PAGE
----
Several of the players transferred down. Some are having success at the high-major level, particularly AJ Storr at sixth-ranked Wisconsin. But let’s not forget what this team looked like last year, simply because the current Johnnies haven’t performed well of late.

At this time last year, St. John’s wasn’t anywhere close to the NCAA Tournament, and had a difficult schedule the rest of the way. The opposite is true of this year’s version.

Game of the Week

No. 24 Alabama at No. 16 Auburn, Wednesday, 7 p.m.

Nate Oats challenged Alabama with one of the toughest non-conference schedules in the country. Despite suffering five losses outside of league play, the move worked. The Crimson Tide entered SEC action battle-tested, and are all alone atop the league, having won 10 of its last 11 contests. One of those wins came over Auburn, which is coming off a big win at Ole Miss, but still lacks a high-profile win on its résumé.


1: Purdue, Connecticut, Houston, Tennessee

2: Arizona, North Carolina, Marquette, Kansas

3: Wisconsin, Alabama, Baylor, Iowa State

4: Creighton, Illinois, Auburn, Dayton

Stock Watch


Tom Pecora

As the saying goes, you never forget how to ride a bike, or in the case of Pecora, be a head coach. It was nearly a decade since he had his own program, back to his time as the Fordham coach. When Baker Dunleavy left Quinnipiac to be the general manager at Villanova, Pecora was installed as his replacement. Nobody would have predicted what happened next. The Bobcats sit atop the MAAC at 10-1, owners of an 18-4 record, with a shot to reach the NCAA Tournament for the first time in program history. They are within five wins of the school’s most since joining the Division I ranks in 1998-99.

Thad Matta

Shaheen Holloway has competition for Big East Coach of the Year honors. An argument can be made that nobody in the league has done a better job than the 56-year-old Butler coach. Holloway at least returned three of his top players at Seton Hall. Matta built his team through the transfer portal after a disappointing first season with the Bulldogs. Picked to finish 10th in the league, Butler is tied with Xavier for fifth and looks like an NCAA Tournament team, with elite road wins at No. 9 Marquette and No. 13 Creighton. Transfers Posh Alexander (St. John’s), Pierre Brooks (Michigan State), DJ Davis (UC Irvine) and Jahmyl Telfort (Northeastern) have all made an impact.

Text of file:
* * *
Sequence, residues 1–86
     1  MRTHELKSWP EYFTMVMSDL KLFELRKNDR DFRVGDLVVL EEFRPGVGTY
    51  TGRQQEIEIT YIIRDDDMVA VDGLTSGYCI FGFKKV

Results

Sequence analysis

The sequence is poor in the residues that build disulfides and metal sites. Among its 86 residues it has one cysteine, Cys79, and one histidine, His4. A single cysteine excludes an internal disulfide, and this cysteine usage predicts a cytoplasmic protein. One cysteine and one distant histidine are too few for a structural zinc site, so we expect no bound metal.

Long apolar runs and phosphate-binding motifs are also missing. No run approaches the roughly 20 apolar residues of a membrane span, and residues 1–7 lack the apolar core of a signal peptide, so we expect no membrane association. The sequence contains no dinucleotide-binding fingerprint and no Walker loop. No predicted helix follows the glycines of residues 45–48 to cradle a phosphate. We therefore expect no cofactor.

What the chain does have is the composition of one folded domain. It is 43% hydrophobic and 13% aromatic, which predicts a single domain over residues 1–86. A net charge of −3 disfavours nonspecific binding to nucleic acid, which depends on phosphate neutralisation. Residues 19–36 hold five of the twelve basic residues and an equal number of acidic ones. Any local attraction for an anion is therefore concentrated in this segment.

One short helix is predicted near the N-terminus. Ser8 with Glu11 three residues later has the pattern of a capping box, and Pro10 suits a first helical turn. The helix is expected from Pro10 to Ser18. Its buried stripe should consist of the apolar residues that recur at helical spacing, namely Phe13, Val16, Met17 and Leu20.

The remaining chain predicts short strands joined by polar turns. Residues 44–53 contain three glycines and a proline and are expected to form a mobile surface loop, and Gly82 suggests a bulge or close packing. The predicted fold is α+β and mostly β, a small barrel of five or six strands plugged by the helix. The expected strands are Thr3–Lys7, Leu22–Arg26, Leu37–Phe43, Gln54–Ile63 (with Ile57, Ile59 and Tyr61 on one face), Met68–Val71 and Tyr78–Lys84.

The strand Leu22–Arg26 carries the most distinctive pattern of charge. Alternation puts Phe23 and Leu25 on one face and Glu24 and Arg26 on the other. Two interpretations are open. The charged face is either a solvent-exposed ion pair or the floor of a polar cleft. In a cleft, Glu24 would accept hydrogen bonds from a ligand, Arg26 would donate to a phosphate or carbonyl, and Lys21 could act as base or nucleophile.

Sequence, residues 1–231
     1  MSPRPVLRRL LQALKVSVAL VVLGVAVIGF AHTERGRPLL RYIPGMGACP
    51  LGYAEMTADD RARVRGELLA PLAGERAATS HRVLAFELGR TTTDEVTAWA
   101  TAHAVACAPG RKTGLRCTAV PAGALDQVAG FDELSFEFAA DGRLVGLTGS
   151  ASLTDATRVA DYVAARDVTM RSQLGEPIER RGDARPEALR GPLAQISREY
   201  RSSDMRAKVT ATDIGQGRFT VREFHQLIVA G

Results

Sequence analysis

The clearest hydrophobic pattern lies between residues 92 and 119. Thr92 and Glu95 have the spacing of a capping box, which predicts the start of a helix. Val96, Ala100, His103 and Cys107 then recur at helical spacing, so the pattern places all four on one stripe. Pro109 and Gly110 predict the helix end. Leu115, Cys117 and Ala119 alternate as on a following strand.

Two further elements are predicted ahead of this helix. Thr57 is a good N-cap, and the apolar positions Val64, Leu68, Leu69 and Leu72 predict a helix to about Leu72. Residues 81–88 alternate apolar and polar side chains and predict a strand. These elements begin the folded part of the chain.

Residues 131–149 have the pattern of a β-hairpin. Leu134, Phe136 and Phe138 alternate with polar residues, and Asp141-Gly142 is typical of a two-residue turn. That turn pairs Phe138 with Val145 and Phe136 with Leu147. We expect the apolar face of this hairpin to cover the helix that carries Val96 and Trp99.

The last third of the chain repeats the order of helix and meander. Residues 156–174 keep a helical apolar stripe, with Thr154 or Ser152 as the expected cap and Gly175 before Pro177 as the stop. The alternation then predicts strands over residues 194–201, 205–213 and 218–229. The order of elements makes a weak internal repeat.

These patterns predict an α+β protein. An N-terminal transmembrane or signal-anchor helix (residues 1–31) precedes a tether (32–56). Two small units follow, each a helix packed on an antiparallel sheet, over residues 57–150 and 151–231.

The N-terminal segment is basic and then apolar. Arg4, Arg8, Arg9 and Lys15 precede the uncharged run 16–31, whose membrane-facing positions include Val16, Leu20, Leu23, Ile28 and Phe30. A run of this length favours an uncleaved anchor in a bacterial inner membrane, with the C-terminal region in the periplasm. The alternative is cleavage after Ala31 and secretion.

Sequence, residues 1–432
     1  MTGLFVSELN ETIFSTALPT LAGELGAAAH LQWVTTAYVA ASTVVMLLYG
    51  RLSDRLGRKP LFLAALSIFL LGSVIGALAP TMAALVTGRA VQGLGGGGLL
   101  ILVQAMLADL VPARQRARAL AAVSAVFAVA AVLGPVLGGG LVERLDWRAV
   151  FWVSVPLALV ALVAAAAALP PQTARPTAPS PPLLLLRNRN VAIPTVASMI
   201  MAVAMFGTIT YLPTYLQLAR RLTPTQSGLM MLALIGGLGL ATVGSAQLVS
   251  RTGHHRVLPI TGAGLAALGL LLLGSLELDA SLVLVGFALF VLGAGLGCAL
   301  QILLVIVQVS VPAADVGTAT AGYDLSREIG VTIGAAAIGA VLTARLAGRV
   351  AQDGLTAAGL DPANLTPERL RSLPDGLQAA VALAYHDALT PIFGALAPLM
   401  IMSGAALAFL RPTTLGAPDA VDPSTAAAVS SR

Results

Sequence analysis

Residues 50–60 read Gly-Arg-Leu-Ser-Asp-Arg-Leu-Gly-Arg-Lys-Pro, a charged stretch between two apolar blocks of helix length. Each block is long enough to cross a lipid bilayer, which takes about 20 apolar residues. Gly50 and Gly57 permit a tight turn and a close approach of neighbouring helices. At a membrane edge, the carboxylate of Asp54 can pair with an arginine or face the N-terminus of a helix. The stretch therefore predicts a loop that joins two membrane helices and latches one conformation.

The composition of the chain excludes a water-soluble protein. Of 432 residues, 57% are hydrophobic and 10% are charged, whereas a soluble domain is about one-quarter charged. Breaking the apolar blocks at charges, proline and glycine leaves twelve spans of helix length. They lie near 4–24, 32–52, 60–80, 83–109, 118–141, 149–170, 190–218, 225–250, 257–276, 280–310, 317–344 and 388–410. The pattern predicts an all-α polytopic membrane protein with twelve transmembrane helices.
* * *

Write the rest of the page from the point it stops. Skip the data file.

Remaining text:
North Carolina handled Duke at home on Feb. 3, 2024. USA TODAY Sports via Reuters Con



The Blue Devils are a top-10 team in name only. It showed in Saturday’s loss at No. 3 North Carolina. Duke has three Quad 3 losses and owns just one high-level win, over No. 18 Baylor at the Garden in December. The 7-3 ACC record isn’t all that impressive in the decidedly down conference, particularly since it has yet to defeat a team in the top seven of the league. This is still an extremely talented team, but based on the body of work so far, Duke is more likely to not get out of the first weekend of the NCAA Tournament than to reach the Final Four.


Back in November, I saw a tournament team. A big and physical group led by a dynamic point guard in Dug McDaniel. Boy, was I wrong. Michigan is suffering through its worst season in decades, in danger of its first single-digit-win campaign since 1981-82. It couldn’t even beat disappointing Rutgers at home after building a 15-point, second-half lead, falling to an incomprehensible 7-15. It was the latest instance of the Wolverines blowing a significant lead after halftime, a troubling pattern in league play. Embattled coach Juwan Howard said after this latest loss he may just play the walk-ons, “because they care.” At least spring football is around the corner.